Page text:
It’s Tuesday, 3 January 2023 in Portland Oregon where the skies are mostly grey and it turns out the Pacific Northwest may not have been the best location to do a little light astronomy.
Some small short things today, I think.
On balance, I do not think it’s great that any single place where I pay for something and opt to receive a receipt by email gets to now email me something like at least once a week. (It started out with a receipt / how did it end up like this? / it was only a receipt / it was only a receipt). I honestly cannot tell if this has resulted in any more purchases or if it’s been a net good use of time for any of the small businesses. Regardless, I also wish there were a way for me to log in to Square, say, and unsubscribe from every single marketing email ever.
Tim Bray has an excellent essay summarizing the state of play around search in Mastodon(sorry), which is to say that search in some cases would be useful, and in many other cases people would really prefer to not turn up in search results (see my earlier notes on indexing and archiving ephemeral, conversational speech).
What I liked about his position is the explicit negotiation around different and conflicting needs, and that Bray gets to the point by calling for some serious work in governance and licensing of content because (repeat after me): this (in this case, search) is not a technology problem.
There’s a particularly interesting comment in Bray’s Mastodon thread about the article from someone working in the area of search at Google that I can effectively summarize as “this is really interesting, can you help me understand it as I don’t understand why people who post things in public have an expectation or belief that what they post won’t get indexed” and oh my gosh really are you kidding me.
I bought a smart light a while ago to see how angry it would make me and then write about it here. It was one of those Alexa nightlights[^alexa], no microphone, controllable only by talking to something that does have a microphone and is backed into Amazon’s billions-of-dollars-a-year-losing smart assistant category and infrastructure.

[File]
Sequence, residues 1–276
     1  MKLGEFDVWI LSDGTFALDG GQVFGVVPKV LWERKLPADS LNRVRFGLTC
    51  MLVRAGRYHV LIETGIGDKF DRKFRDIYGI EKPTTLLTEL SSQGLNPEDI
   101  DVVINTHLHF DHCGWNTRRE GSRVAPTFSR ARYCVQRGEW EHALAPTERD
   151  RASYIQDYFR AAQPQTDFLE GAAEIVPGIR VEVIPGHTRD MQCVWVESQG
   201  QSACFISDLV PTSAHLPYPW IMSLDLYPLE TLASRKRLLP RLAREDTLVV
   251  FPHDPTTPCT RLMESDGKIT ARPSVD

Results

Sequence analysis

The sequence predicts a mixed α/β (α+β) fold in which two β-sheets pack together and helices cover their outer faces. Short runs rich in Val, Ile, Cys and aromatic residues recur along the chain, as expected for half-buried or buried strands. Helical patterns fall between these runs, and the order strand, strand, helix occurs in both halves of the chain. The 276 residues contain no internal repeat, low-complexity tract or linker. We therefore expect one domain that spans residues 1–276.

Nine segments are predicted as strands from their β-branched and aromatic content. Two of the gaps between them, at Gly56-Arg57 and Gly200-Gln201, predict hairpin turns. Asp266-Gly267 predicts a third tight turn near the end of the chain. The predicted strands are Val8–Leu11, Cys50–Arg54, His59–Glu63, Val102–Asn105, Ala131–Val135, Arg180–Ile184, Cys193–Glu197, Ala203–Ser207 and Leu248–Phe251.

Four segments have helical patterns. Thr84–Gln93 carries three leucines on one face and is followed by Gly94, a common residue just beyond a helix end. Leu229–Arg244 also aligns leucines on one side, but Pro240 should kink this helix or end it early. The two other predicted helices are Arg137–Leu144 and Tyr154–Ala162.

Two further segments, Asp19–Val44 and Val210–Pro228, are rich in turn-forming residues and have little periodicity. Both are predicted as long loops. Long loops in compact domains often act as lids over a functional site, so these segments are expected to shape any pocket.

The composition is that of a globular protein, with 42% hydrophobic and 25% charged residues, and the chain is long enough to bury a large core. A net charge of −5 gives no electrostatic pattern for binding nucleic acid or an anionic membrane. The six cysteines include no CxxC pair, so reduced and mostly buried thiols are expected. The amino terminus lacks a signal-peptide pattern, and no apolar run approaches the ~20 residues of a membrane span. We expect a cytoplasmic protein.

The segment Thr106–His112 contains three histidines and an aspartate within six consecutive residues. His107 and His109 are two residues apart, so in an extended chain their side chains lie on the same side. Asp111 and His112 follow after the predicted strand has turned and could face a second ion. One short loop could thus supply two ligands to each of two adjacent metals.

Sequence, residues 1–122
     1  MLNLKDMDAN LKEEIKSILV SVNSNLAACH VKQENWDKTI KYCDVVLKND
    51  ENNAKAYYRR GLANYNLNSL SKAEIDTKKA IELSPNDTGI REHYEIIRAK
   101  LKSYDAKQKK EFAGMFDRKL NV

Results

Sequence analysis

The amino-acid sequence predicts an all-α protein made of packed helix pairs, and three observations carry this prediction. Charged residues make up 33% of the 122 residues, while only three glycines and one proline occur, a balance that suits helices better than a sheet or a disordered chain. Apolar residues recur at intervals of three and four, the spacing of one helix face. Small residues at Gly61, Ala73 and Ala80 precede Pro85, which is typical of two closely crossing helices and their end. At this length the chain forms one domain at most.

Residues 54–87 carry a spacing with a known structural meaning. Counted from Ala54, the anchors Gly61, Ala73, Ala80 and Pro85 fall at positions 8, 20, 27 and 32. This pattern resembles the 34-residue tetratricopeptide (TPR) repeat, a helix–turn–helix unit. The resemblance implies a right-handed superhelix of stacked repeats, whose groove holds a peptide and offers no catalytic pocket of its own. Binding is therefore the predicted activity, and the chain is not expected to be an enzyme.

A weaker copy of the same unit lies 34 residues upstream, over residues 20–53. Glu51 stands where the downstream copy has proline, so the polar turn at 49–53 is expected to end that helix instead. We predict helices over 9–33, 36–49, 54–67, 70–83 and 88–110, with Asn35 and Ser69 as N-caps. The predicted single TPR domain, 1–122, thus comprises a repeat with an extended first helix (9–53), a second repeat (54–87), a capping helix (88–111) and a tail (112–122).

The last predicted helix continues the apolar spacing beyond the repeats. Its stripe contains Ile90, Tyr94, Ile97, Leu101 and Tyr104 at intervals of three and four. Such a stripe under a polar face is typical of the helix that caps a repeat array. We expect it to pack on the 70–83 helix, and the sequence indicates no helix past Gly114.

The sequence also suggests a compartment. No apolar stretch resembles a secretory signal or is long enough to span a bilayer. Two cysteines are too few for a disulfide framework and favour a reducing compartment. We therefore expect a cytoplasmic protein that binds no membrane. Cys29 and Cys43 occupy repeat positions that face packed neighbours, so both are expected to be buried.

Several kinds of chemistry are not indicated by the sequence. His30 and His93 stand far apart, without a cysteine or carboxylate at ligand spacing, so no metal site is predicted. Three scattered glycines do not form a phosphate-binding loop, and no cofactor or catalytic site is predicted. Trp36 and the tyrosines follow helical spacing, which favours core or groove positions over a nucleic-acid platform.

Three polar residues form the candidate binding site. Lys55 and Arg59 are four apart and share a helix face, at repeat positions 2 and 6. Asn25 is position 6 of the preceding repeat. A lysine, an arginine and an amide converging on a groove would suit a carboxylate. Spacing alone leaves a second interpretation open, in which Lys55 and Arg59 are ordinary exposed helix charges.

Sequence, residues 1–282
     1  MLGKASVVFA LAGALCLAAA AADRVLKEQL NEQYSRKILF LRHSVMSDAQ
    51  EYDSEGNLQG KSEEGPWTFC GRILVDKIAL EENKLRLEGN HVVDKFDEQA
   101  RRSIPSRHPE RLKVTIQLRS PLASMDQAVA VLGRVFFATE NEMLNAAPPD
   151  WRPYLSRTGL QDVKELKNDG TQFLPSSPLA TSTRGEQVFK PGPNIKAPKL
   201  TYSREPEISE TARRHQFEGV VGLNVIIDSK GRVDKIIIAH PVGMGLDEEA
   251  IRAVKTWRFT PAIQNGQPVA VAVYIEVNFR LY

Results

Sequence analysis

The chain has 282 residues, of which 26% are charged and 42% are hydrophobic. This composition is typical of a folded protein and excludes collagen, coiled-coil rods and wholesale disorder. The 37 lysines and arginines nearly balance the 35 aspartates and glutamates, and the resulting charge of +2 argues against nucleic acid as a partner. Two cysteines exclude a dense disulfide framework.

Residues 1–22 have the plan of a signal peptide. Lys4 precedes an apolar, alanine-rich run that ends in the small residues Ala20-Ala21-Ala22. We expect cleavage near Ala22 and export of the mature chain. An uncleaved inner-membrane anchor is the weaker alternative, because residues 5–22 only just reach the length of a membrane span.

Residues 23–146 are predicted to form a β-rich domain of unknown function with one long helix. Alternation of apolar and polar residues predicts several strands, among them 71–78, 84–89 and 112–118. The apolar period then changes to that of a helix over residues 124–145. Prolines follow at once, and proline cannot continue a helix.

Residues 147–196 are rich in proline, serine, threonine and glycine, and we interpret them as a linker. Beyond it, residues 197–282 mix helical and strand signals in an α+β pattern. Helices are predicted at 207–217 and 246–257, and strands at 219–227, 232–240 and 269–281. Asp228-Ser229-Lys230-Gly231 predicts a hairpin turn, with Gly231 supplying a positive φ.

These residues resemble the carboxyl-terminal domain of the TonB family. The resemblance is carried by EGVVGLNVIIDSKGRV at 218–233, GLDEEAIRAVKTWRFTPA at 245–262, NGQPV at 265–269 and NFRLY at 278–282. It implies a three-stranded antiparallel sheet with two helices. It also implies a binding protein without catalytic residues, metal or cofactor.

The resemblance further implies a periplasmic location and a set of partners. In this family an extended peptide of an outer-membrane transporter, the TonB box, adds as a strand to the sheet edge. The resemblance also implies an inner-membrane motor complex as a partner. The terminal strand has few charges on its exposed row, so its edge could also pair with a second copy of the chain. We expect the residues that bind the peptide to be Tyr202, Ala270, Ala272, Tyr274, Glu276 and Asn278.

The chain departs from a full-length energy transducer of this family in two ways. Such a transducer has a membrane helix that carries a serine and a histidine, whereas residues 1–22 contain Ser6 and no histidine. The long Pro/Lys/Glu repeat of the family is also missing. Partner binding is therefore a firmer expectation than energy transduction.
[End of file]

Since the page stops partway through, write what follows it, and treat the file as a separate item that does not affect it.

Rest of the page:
Reader you will not be surprised to hear that I was indeed angered by the nightlight. Here are some things the nightlight does that you would prefer it not do:
Also it is only controllable from the Alexa app, but I knew that.
The other thing that happened was a nice reminder that all software is terrible these days, that software in production is a nightmare of compatibility and if something is broken and you want it to work you should, I don’t know, just give up, curl into a ball, and hope your walls aren’t smart.
For a period of a few weeks in and around November last year, the Alexa iOS app was broken – on the iPhone 14 series in particular – to the extent that it kept forgetting state and you needed to repeatedly onboard to use any of the communication features like paging or dropping in from one endpoint (e.g. an Echo Mini) to another (e.g. the one in the kitchen or in particular, the Alexa app on my phone). You’d have to onboard the iOS app and then it might work, and then at some point state would be lost and you’d need to re-enable communication again.
This made using an Echo Mini to let a sick kid page your phone if you were, say, downstairs and not reliably able to hear them yelling from their bedroom, completely unreliable to the extent of being not reliable at all and the sort of situation where you just unplug the Echo Mini and curse for a while. Because of course the whole deal is there’s a bug with the iOS app (again, weirdly and specifically on whatever new release of iOS and only on the iPhone 14 series), a bug that had been around since something like September and that there was no sign of immediate resolution. Company support was non-existent or only existent to the extent that having content-free ChatGPT responses to queries in forums would simultaneously be an improvement and yet also not improve matters one jot.
All of this is to say that software is terrible, I have sympathy for the people who make it, and also it is still terrible.